President Paul Kagame of Rwanda set the tone at the outset, saying, "Investment and trade -- as opposed to aid and charity -- must drive the transformation of our economies." He called for a dynamic ICT sector to connect Africa to the global information superhighway. "In order to realize this much-needed economic revolution, we have to forge productive relationships between government and business," said Kagam

  • 330m Africans will own cellphones in 2008

    Africa is projected to experience a 22 per cent jump in its mobile phone subscriber base during 2008, with the number of people owning a phone increasing from the current 270 million to 330 million. The Global System for Mobile Communication Association (GSMA) — a global trade association representing 700 GSM celullar operators in 215 countries — says mobile phone penetration will also rise by a corresponding 5 per cent from 28.78 per cent in 2007 to 33.9 per cent in 2008.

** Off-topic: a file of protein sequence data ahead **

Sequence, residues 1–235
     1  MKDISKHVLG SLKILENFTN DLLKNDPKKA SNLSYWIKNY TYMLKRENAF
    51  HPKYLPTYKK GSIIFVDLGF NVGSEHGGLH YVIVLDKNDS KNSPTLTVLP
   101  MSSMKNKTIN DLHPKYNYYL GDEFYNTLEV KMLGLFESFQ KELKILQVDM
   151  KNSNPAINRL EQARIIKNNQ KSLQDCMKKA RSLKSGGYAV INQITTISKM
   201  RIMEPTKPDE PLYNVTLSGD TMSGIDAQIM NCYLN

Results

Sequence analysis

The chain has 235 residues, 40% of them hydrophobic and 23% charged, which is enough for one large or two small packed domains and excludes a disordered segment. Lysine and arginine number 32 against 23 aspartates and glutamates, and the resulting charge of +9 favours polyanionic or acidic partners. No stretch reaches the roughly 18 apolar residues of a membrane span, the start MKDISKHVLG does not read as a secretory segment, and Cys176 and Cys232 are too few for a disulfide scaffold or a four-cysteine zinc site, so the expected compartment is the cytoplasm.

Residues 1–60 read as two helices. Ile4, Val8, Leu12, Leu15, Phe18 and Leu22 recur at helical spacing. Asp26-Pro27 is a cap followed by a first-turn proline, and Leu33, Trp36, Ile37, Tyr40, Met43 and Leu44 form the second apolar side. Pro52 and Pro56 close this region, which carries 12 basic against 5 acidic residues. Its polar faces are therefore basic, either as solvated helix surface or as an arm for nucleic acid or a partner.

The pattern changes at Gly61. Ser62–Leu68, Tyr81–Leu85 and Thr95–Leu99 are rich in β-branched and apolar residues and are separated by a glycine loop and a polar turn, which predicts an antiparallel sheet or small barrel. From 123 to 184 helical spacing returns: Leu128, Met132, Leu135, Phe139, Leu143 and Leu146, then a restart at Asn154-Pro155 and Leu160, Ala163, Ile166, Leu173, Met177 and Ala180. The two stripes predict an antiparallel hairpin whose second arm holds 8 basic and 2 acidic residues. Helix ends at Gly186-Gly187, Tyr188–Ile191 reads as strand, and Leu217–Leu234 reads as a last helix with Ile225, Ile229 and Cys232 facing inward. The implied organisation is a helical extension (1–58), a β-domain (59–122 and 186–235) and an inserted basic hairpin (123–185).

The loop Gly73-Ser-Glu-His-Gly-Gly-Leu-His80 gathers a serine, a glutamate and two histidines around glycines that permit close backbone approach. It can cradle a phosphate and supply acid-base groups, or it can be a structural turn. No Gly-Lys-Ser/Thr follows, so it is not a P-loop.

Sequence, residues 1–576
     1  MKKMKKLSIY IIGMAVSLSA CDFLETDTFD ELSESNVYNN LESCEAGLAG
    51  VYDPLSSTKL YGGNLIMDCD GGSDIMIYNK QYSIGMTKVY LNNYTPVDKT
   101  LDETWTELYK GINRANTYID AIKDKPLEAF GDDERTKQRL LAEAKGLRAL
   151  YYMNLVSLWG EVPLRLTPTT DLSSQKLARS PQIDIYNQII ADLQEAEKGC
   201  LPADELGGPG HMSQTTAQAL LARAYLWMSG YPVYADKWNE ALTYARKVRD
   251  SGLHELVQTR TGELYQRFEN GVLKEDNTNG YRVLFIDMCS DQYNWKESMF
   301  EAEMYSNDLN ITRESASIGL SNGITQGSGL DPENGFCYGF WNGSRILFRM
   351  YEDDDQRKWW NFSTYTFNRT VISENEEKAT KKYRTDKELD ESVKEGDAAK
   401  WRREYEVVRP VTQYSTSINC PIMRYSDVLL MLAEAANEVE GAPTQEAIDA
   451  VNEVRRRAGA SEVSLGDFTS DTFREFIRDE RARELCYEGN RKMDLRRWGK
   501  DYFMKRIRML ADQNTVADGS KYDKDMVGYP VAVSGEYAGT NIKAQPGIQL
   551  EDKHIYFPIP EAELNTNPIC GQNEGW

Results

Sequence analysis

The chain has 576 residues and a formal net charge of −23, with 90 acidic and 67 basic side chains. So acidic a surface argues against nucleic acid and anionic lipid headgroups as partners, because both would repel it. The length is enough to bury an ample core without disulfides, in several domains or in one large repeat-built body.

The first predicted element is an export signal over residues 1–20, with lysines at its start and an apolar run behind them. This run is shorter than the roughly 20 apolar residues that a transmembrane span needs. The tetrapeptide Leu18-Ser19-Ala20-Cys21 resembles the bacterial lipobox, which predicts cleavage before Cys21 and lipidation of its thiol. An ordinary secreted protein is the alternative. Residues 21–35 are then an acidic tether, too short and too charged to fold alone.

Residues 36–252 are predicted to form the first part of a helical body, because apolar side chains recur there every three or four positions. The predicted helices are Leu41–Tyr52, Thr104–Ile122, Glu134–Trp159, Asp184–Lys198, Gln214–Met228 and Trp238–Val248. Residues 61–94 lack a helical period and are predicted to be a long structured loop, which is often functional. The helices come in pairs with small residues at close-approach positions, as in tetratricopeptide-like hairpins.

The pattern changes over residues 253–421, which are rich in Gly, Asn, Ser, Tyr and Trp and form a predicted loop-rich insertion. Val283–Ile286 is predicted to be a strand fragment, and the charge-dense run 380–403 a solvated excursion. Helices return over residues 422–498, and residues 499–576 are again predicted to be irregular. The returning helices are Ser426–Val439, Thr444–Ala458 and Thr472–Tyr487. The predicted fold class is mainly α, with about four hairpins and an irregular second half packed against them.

• 80% African broadband penetration by 2020

    Ministries that engaged in the inaugural ICT Indaba this week set a target of delivering broadband to 80% of African citizens by 2020.

    Giving the closing remarks in Cape Town yesterday, SA communications minister Dina Pule said work was done to ensure the conference crafted a framework that will position Africa on a trajectory to sustainable development through technology.